US 4540455 A
A method of manufacturing laminated plastics materials comprising passing a first sheet material adjacent a barrier in parallel spaced relation to the barrier which is disposed obliquely to the direction of passage of the first sheet material and applying a quantity of unfoamed polyurethane prepolymer at or adjacent the edge of the first sheet upstream of the most upstream part of the barrier. A second sheet material may be applied to the foam as it passes under the barrier.
1. A method of manufacture of laminated material, comprising the steps of:
arranging a barrier in spaced relation to a first sheet material,
applying a quantity of unfoamed prepolymer onto said first sheet material adjacent an edge of the material,
causing the first sheet and prepolymer to pass adjacent said barrier,
allowing the prepolymer to foam as it passes adjacent the barrier, and
allowing the foam to cure to form a laminated material,
wherein the barrier is disposed obliquely to the direction of passage of said first sheet material,
and wherein the said quantity of the prepolymer is applied onto said first sheet material upstream of the most upstream part of the barrier.
2. A method as claimed in claim 1, wherein the barrier is arranged in parallel spaced relation to the first sheet.
3. A method as claimed in claim 1, further comprising the step of applying a second sheet material onto the prepolymer before curing of the foam so that the prepolymer is disposed between the first and second sheets of material.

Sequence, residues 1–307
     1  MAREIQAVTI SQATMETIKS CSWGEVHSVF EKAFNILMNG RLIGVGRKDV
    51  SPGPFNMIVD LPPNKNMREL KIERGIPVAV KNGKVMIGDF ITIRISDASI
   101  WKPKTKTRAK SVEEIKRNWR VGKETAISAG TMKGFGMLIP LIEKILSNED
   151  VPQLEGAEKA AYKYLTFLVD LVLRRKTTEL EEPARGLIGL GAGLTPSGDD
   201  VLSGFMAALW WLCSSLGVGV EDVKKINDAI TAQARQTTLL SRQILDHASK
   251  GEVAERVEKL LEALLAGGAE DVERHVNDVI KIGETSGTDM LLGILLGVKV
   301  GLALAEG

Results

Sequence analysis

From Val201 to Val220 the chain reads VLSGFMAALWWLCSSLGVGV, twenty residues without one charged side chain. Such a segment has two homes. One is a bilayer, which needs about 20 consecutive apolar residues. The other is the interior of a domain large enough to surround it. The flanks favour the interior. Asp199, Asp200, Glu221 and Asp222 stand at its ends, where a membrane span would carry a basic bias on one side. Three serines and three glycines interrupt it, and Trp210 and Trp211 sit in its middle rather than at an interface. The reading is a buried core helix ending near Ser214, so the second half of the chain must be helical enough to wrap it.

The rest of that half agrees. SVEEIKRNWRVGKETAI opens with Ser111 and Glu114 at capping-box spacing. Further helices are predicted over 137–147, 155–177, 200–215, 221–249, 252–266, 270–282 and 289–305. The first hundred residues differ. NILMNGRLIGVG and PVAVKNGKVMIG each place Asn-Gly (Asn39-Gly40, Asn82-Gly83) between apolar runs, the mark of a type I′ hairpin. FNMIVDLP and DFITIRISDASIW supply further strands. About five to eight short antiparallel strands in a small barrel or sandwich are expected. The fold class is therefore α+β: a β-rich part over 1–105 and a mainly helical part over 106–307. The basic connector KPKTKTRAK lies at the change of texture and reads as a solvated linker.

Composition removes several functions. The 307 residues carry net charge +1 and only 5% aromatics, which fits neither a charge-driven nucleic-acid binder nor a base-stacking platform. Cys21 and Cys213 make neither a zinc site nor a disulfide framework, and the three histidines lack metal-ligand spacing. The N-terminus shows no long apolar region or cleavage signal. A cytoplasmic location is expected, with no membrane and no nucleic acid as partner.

4. A method as claimed in claim 3, wherein the second sheet material is applied onto the prepolymer by passage of the first and second sheets of material under the barrier while foaming the prepolymer as it passes adjacent the barrier.
5. A method as claimed in claim 4, wherein the barrier comprises an elongated structure arranged at an angle of about 30 to 60 degrees to the direction of passage of the first sheet.
6. A method as claimed in claim 5, wherein the barrier is arranged at an angle of 45 degrees to the direction of passage of the first sheet.
7. A method as claimed in claim 5, wherein the elongated structure is selected from the group consisting of a bar, rod and roller.
8. A method as claimed in claim 1, further comprising the step of passing the laminated material through one or more rollers after passage adjacent the barrier.
9. A method as claimed in claim 1, wherein said prepolymer polymerises to form polyurethane.
10. A method as claimed in claim 3, wherein the sheet materials are flexible and are selected from the group consisting of paper, plastics materials, metal foil and metallised plastics materials.
This invention relates to a method of manufacturing laminated plastics materials, particularly to a method of manufacturing materials comprising a layer of foamed plastics material such as polyurethane laminated between sheets of one or more other materials in a continuous process.
Such laminated materials have been manufactured by processes in which a liquid, unfoamed prepolymer is sprayed onto the surface of a first sheet of material, allowed to foam and before foaming is complete, a second sheet of material is applied upon the foaming mixture. The sheets are then passed through a press to create an even thickness of foamed mixture between the sheets.